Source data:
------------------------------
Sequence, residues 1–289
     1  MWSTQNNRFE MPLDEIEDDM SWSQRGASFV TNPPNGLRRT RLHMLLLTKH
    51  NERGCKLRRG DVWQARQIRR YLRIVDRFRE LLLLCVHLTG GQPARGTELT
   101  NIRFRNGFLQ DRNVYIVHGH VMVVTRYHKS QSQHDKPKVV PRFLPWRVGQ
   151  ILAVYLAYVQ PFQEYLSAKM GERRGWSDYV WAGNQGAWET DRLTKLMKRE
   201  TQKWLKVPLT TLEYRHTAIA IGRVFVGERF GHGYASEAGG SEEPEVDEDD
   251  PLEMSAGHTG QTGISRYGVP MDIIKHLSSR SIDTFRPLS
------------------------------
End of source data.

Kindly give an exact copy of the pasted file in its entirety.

Sequence, residues 1–289
     1  MWSTQNNRFE MPLDEIEDDM SWSQRGASFV TNPPNGLRRT RLHMLLLTKH
    51  NERGCKLRRG DVWQARQIRR YLRIVDRFRE LLLLCVHLTG GQPARGTELT
   101  NIRFRNGFLQ DRNVYIVHGH VMVVTRYHKS QSQHDKPKVV PRFLPWRVGQ
   151  ILAVYLAYVQ PFQEYLSAKM GERRGWSDYV WAGNQGAWET DRLTKLMKRE
   201  TQKWLKVPLT TLEYRHTAIA IGRVFVGERF GHGYASEAGG SEEPEVDEDD
   251  PLEMSAGHTG QTGISRYGVP MDIIKHLSSR SIDTFRPLS